So after my experience with Azell, I switched to Captain Flinthook from Flinthook, and as a character I’m actually familiar with I expected the space pirate to hopefully play better. Unfortunately, he was also slow didn’t quite feel like the same character. I understand that Flinthook and Bounty Battle are two very different games, but playing as Captain Flinthook felt more like I was using a cheap knock-off than the actual character. Sure he has the right weapons, but they didn’t really translate well. His anchor/grappling hook should be smaller and allow him to move around at least a little faster and should be usable at any angle rather than just two. His laser pistol should also be faster, and other characters with similar weapons shoot faster, so why couldn’t Flinthook be given this as well? I could understand trying to make characters feel different, but how much does it really matter if none of the characters feel great to play as in the first place?

So then I thought to myself “Okay, for the guest characters maybe it’s just Flinthook that feels weird compared to his game counterpart, so I guess I’ll try with another character I’m familiar with.” This time I used The Prisoner from Dead Cells, and while still slow and still not quite as fast as his game counterpart, he felt a bit better to play as, and I actually managed to get through the whole challenge mode with him. So what happens once you beat that mode with a character? Nothing! You just get a game over screen. No unlocks, no congratulations, you just have to go back and restart the challenge mode with another character or do something else. Although it was kind of funny when a stray laser ball hit the prisoner and he turned upside down on the victory screen.

I decided to give the game one more chance, this time using Otus from Owlboy in tournament mode. Although his attacks don’t have the best range, he can fly for a limited time, which is kind of unfair given the somewhat small size of the arenas (at least when compared to similar fighting games). Then in the second battle, the game decided to glitch and not let me start the fight. It could still recognize whether I was using a controller or keyboard, but I was completely frozen otherwise. I tried with Otus one more time and I got past this but got stuck on the versus screen a few fights later.

On another note, while having stages based on other games is great, they’re just backgrounds and there’s nothing particularly special about them. No traps or moving platforms, just backgrounds based on the worlds of other games. It’s still a cool feature, but I find myself wanting more from it. If nothing else the music is at least catchy, although I’m not sure whether the soundtrack mostly consists of music from other games or not since I’ve only played a handful of these indie titles.

One nitpicky opinion I have about the game is that the character select doesn’t show you the names of each character, just the game they’re from. Of course, for something like Flinthook that doesn’t really matter, but not everyone’s name is the same as the title of the game they came from. The announcer does say the character’s names prior to starting a match, but sometimes what name he says is nearly unintelligible. I still can’t tell if one of the original characters’ names is Edlus or Atlus or possibly something else that sounds similar.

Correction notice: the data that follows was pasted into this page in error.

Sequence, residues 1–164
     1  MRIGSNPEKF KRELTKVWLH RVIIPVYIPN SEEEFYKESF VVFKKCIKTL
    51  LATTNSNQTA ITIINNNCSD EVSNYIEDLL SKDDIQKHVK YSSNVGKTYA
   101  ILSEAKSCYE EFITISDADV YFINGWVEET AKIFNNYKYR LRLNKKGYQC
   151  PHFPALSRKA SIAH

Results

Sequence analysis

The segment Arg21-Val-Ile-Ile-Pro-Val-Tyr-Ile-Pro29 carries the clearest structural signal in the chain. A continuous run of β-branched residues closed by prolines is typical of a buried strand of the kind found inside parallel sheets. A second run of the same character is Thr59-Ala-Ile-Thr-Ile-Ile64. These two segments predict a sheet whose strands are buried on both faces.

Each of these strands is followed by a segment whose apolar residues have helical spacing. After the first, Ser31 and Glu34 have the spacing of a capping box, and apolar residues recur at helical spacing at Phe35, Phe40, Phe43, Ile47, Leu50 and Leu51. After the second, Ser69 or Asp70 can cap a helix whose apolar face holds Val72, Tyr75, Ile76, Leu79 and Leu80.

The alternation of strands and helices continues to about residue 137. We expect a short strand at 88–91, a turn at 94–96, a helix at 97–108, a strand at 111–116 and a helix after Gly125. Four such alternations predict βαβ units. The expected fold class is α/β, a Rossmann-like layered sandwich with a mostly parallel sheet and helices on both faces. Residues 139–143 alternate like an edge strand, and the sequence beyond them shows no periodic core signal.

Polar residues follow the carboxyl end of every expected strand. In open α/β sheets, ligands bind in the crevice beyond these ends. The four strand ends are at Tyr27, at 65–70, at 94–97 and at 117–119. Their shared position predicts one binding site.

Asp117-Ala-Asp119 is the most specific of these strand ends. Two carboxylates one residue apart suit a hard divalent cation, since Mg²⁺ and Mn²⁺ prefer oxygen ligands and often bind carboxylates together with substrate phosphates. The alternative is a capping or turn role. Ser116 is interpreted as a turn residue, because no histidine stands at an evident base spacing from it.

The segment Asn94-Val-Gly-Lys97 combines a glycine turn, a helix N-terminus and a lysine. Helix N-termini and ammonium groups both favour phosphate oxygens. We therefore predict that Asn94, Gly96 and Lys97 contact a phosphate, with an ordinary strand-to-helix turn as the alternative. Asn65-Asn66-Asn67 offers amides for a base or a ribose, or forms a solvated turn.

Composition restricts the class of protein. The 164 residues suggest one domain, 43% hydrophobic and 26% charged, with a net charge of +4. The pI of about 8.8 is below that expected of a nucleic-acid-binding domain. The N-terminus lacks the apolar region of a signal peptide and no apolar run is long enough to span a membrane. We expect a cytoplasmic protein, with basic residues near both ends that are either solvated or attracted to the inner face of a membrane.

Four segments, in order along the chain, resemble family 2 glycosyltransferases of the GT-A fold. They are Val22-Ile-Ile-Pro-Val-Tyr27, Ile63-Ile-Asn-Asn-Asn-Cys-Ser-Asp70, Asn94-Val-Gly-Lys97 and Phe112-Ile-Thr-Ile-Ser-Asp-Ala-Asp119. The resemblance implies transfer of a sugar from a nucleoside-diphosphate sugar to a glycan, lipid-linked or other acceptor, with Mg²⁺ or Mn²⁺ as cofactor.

I feel that with the way characters move, Bounty Battle could have worked a lot better as an indie crossover beat’em up rather than a fighter. Seeing the way characters attacked often reminded me of Wulverblade, and having Bounty Battle be some kind of Subspace Emissary-inspired game instead with the fighting as a bonus mode I think would have worked in its favor. Besides, who wouldn’t want to see these characters interact with each other more after that animated opening?

It may have characters from a lot of critically acclaimed games, but its lack of quality doesn’t give these games the respect they deserve. I’m really hoping Bounty Battle will improve over time since it does still show some promise, but I’m not even sure they’ll be able to truly fix it since it seems like it could use a complete rehaul. On the bright side, there are a few other indie fighters out there. They may not have the guest roster that Bounty Battle does, but they’re likely to be much more enjoyable at the moment.

If you’re still interested though, Bounty Battle is currently available on PC, PlayStation 4, Xbox One, and Nintendo Switch.

The code for Bounty Battle was provided by the publisher.

To hear more about the latest indie games check out Indie Pod, Parallax’s very own indie gaming podcast that recently celebrated its 100th episode!

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Erroll Maas
Erroll is a writer with an enthusiastic love of Japanese monsters and the games which feature them, from Pokemon to Power Rangers to Pacific Rim and everything in between. You can learn more about this and plenty of other games and nerdy things by following @errollm